How Long Will the U.S. Cloud Market be "Snowed In"?
Do recent revelations about US cyber intelligence activities jeopardize our nation’s market leadership in cloud computing? Will enterprises – domestic and foreign alike – now favor foreign vendors, or even avoid the public cloud altogether? A review of the political and technical realities points to trouble for US cloud providers, but only for the short term.
In recent weeks we’ve seen a tangible backlash against the NSA’s PRISM program and those tech companies who cooperate, especially those who “don’t put up a fight.” It is the natural, reflexive reaction to the sudden awareness of a potential intrusion on our privacy, and it includes new scrutiny by individuals and enterprises as to whether they should entrust their data to US cloud vendors, who have already felt some impact on their rates of sales and churn.
As related news reports and editorials come online, they provoke a lot of comments that reflect public sentiment. These comments have expressed concern about the lack of transparency in federal policies and jurisdiction, and even outrage at what many believe to be unconstitutional surveillance.
But in the past week, public comments on news sites have started to incorporate a more balanced look at the situation. There is acknowledgement that US intelligence agencies are doing their jobs when they gather data on potential threats to national security, just as other governments do; that the NSA does not steal IP for economic gain as many other state agencies do, and that despite our deficiencies, the US agencies operate under tighter oversight than foreign agencies. Especially as Congress moves to improve transparency, there is a grudging awareness that US-based clouds may offer the best privacy, relatively.
But is it good enough to be simply less bad? As long as privacy remains a concern, there will be resistance to adoption of any public clouds, and, as the market leaders, US vendors will suffer.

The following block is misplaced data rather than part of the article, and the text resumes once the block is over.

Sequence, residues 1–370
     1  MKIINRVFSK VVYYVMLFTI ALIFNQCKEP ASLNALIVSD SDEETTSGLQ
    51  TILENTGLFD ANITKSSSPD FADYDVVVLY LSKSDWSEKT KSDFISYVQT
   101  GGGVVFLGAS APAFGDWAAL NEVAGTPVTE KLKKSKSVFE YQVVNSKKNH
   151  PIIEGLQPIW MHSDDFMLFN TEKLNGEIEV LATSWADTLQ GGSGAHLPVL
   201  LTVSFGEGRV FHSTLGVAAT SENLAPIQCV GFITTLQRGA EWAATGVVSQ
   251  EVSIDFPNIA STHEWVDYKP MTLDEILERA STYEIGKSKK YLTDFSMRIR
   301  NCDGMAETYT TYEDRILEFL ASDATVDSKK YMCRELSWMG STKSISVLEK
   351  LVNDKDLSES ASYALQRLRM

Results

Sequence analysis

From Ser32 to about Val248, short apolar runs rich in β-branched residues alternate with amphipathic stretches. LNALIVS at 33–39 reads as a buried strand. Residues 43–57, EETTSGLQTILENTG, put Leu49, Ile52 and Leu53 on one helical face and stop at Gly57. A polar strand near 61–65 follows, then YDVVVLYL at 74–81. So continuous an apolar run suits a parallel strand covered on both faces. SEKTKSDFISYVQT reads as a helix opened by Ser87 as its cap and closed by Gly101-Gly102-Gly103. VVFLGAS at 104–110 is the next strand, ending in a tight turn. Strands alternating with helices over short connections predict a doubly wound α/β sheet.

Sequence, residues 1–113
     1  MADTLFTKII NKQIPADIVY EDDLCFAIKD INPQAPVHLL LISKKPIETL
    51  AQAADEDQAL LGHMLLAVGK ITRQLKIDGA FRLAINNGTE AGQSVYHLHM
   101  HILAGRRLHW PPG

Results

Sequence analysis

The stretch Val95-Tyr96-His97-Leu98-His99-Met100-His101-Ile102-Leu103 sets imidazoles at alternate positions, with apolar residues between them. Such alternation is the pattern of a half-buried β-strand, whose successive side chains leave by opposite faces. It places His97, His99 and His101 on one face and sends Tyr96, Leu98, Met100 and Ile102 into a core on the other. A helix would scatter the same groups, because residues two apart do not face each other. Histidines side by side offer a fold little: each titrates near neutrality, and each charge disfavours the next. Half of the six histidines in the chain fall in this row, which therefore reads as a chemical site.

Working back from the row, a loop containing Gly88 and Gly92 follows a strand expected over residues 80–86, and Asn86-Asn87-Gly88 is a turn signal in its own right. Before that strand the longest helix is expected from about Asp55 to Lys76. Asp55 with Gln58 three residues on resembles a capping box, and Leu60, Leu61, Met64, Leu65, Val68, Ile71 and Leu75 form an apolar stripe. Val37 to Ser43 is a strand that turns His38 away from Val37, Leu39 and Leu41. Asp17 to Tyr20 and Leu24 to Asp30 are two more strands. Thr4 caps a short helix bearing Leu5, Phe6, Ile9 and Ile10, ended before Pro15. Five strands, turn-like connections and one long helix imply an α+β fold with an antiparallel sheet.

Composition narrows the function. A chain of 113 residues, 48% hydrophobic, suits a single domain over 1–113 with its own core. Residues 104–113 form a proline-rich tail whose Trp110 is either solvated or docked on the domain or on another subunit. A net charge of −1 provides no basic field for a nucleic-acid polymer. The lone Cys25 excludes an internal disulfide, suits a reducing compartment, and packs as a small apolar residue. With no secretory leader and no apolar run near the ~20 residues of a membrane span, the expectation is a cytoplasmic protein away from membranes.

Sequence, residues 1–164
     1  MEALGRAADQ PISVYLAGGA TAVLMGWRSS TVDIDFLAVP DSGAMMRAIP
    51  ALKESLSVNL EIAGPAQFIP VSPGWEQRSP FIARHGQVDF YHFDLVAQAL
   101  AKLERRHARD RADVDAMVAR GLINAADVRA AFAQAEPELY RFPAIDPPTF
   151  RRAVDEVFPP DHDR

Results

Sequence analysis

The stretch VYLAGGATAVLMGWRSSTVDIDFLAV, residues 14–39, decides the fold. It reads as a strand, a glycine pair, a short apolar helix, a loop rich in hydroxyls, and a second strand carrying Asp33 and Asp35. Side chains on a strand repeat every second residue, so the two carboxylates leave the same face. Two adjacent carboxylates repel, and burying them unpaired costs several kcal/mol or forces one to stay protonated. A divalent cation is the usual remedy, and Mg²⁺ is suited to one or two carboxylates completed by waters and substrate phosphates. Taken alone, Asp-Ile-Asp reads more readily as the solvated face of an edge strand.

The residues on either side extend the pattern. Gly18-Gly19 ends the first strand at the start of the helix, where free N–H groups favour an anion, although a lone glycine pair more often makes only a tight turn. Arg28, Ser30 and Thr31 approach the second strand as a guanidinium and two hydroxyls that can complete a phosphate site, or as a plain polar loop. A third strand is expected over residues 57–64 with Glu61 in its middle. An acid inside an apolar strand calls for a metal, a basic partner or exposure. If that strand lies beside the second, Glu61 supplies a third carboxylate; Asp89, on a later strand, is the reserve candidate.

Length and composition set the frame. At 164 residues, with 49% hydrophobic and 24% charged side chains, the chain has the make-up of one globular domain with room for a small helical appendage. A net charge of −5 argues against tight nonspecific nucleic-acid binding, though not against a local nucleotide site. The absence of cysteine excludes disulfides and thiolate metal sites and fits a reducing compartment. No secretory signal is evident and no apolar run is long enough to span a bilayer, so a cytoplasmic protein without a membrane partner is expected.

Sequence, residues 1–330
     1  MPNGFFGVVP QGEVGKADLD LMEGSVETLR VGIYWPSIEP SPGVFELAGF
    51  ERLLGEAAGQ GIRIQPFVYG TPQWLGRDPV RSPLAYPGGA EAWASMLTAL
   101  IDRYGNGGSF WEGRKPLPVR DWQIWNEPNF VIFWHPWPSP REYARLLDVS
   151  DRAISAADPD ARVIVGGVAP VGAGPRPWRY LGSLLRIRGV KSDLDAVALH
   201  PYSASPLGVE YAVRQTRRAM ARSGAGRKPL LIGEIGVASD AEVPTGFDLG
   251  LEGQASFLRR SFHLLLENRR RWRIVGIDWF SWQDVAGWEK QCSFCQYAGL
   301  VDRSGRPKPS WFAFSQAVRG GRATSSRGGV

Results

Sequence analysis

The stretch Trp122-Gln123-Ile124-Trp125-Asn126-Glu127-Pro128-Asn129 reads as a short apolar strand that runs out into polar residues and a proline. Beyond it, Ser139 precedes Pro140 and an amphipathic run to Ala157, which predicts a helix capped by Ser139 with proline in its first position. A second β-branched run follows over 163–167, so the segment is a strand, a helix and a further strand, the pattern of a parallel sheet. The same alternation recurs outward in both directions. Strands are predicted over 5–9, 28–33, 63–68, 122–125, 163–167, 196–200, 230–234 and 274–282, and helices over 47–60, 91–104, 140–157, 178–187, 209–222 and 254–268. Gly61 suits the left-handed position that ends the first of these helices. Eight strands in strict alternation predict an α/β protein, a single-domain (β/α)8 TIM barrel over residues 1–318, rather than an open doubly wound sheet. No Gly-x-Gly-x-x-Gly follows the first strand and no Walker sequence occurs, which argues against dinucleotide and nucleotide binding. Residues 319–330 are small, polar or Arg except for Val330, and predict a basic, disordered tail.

Fortunately, cryptographic technology will ultimately make this issue largely moot for most cloud infrastructure, platforms and applications. To date, cloud vendors have been slow to implement proper cryptographic protocols, since demand has grown so quickly without it. But with the recent focus on privacy, SaaS, PaaS and IaaS providers must get around to implementing what they should have implemented years ago.
Specifically, data in the cloud must be encrypted using keys that are controlled by the customers who own them. So whether you use SalesForce, Box, Google Apps or Workday, you should have the option of encrypting your data both in transit and storage, and although many cloud providers offer encryption today, they typically use one key for everyone, or at best they offer individual keys that are generated and controlled by the vendor.
The recent, notable exception is Amazon, whose CloudHSM service offers AWS customers access to Hardware Security Modules for key protection inside their cloud. It's time for others to follow Amazon's lead, so that customers can comply with their own regulations, data breaches will be far less catastrophic, and intelligence agencies will have to find new ways to snoop.
Until then, interim solutions from a new class of security startup — like CipherCloud, Vaultive, Vormetric, and Navajo (acquired by SalesForce) — enable you to encrypt your data before you send it to the cloud. Unfortunately, cloud providers cannot do much with encrypted data that they cannot decrypt - their applications cannot provide features such as sorting, fuzzy searches, and comparative metrics. CipherCloud and others have had to invent some kludgy workarounds (e.g. adding additional unencrypted index fields) with some but limited success.These solutions will be less compelling when clouds are properly secured.
For IaaS and PaaS vendors, the imperative to hand the keys to the customer is clear, but for SaaS providers, it's trickier, since their apps need to "borrow" the keys. For those customers who cannot tolerate even the smallest risk of exposure to those nation states with formidable cyber capabilities, tradeoffs will have to be made between security and features. There will also be tradeoffs in convenience, since mobile devices will need key management systems or VPNs. The most difficult application to secure would be one that requires sharing among individuals who do not typically have cryptographic keys, which is why Lavabit and Silent Circle just shuttered their secure email services (although I expect Phill Zimmerman will craft a workable solution in time).
Cloud computing still promises compelling benefits, and US vendors have competed well on features and services, benefitting from deep and rapid innovation. But it's time now for them to properly defend their data, and market share, by attending to security. We should expect these cryptographic capabilities to generally come to market in 2015; until then, the forecast for the sector remains Partly Cloudy.